University of Georgia

public university located in Athens, Georgia, United States

The University of Georgia (UGA) is a university that is in and around Athens, Georgia. The university was created January 27, 1785 and was the first state university in the United States.[1] However, it was not the first state university to hold classes or to graduate students. That honor belongs to the University of North Carolina at Chapel Hill.

About 34,000 students go to the school. The university's mascot is a bulldog named "Uga".

Diversity change

Only white male students studied at UGA during the first century of its history. UGA began educating female students during the summer of 1903. Women were not admitted as full-time undergraduates until 1918.[2] Before official admission of women to the university, several women were able to complete graduate degrees through credit earned during the summer sessions. The first woman to earn such a degree was Mary Lyndon. She received a Master of Arts degree in 1914. Mary Creswell earned the first undergraduate degree in June 1919, a B.S. in Home Economics. Two UGA dormitories are named after these graduates: Creswell Hall and Mary Lyndon Hall.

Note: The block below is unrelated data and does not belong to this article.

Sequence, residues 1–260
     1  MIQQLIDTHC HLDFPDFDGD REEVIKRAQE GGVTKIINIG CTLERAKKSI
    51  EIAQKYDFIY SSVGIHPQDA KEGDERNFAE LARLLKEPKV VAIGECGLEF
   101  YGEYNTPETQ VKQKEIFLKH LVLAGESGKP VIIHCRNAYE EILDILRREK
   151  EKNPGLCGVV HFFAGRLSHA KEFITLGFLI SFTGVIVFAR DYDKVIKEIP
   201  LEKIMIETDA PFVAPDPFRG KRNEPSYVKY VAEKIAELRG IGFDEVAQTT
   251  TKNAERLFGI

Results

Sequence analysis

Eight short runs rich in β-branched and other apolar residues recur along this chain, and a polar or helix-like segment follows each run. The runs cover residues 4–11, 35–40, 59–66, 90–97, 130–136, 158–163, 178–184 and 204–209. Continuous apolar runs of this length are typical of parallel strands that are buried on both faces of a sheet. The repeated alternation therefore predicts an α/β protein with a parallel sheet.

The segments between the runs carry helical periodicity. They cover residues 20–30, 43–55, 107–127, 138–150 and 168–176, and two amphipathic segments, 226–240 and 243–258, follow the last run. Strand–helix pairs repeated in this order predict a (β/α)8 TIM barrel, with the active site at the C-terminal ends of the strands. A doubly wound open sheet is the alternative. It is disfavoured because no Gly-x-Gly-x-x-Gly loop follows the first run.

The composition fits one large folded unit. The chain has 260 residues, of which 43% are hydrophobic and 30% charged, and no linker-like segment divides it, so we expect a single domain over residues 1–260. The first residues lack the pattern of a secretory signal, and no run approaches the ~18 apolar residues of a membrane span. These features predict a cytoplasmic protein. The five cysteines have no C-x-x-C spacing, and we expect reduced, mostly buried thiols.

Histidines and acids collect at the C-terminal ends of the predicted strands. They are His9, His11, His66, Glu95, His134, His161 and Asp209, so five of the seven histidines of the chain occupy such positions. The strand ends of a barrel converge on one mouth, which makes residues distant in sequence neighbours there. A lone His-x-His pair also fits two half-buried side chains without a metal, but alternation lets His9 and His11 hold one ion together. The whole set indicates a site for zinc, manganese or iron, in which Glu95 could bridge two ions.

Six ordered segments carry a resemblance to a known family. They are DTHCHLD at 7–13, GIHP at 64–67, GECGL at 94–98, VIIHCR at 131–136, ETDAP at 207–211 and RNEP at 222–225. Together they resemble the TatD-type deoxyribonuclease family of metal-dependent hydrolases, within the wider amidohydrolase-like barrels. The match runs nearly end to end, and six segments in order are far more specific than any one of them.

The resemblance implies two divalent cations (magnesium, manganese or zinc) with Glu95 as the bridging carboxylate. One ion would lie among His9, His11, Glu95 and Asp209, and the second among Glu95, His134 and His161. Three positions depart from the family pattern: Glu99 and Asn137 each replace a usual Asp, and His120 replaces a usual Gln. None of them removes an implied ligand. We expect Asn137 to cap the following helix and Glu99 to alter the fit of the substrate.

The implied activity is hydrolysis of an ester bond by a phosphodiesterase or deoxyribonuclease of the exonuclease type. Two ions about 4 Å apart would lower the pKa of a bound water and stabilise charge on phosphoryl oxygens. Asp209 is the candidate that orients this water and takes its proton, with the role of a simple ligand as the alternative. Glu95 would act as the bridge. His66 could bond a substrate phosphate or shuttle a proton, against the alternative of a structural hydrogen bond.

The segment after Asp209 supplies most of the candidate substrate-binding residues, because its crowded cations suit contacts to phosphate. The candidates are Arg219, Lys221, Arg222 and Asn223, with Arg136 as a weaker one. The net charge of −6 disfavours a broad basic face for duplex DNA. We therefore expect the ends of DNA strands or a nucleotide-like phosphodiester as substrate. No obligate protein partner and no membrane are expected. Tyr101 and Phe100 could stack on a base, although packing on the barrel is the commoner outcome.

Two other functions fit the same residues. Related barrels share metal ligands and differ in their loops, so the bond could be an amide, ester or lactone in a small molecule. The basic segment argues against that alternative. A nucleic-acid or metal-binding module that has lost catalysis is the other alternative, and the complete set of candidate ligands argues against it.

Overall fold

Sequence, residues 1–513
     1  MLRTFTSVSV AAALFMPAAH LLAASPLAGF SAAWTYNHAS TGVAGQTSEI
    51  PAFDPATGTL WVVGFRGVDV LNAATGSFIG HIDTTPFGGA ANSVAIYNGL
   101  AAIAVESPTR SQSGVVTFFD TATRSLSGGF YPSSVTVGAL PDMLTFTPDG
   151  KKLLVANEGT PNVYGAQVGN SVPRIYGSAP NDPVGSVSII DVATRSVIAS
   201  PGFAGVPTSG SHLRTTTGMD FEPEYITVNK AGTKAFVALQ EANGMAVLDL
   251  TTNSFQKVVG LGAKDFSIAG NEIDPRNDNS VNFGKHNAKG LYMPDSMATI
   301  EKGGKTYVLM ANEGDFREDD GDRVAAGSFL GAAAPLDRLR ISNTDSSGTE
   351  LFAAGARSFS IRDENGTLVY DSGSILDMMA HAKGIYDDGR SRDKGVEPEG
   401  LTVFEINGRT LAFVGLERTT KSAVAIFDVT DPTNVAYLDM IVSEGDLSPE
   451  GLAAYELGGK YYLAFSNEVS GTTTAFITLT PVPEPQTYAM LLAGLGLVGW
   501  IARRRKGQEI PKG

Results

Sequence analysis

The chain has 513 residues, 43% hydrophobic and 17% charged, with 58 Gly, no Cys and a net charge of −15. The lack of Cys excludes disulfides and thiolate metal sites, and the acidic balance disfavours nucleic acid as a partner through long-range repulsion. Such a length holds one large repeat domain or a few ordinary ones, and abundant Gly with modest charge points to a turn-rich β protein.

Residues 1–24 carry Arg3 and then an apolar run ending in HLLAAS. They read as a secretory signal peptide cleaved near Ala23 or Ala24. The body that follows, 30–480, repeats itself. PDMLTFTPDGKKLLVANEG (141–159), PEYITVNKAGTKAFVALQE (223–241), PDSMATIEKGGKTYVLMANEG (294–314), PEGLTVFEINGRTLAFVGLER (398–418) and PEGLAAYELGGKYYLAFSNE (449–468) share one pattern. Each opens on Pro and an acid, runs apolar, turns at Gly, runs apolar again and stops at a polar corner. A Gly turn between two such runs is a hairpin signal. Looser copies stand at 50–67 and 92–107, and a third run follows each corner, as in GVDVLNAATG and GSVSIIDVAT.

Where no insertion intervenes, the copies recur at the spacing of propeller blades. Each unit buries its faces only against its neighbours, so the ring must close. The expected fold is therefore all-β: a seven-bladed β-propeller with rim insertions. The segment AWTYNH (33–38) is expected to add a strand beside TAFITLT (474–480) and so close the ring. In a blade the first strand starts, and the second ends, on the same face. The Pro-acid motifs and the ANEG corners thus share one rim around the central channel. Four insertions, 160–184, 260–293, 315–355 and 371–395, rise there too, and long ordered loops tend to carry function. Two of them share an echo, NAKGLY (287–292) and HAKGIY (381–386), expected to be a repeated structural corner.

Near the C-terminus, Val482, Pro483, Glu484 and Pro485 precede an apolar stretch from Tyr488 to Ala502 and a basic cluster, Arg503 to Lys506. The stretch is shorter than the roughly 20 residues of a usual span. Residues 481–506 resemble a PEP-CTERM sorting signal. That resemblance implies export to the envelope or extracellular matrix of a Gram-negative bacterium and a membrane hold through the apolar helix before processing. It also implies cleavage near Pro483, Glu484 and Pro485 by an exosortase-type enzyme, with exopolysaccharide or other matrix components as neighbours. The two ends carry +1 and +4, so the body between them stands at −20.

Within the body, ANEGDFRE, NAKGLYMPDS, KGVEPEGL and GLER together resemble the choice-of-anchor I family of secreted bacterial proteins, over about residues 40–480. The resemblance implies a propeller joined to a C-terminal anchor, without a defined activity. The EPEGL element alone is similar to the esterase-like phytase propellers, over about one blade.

Racial integration started in 1961,[3] with the admission of Hamilton E. Holmes and Charlayne Hunter after notable tension with the Southern Association of Colleges and Schools. In 2001, on the fortieth anniversary of their having first registered for classes, the university renamed a prominent campus building in their honor: Holmes-Hunter Academic Building.[4] Although Hunter and Holmes were the first African-American students to matriculate at UGA, Mary Frances Early became the first African-American graduate by earning her master’s (MMEd) in music education in 1962. In 1963, Chester Davenport became the first African-American admitted to the UGA School of Law and its first African-American graduate (LL.B. 1966). A decade later, Sharon Tucker was the first female African-American law graduate, earning her J.D. in 1974.[5]

References change

  1. On This Day in History
  2. Chirhart, Ann Short (2005). Torches of Light: Georgia Teachers & the Coming of the Modern South. University of Georgia Press. p. 88. ISBN 978-0-8203-2669-6.
  3. Proteus. Shippensburg University of Pennsylvania. 1998. p. 51.
  4. Dendy, Larry B. (November 27, 2000). "Registering historic steps: Academic Building to be named for Holmes and Hunter". Columns Faculty/Staff News. University of Georgia. Retrieved 2008-01-31.
  5. "Campus News:Sibley lecturer Chester Davenport says Horace Ward was his inspiration". Georgia Magazine. 83 (3). University of Georgia. June 2004. Archived from the original on 2004-07-12. Retrieved 2008-05-25.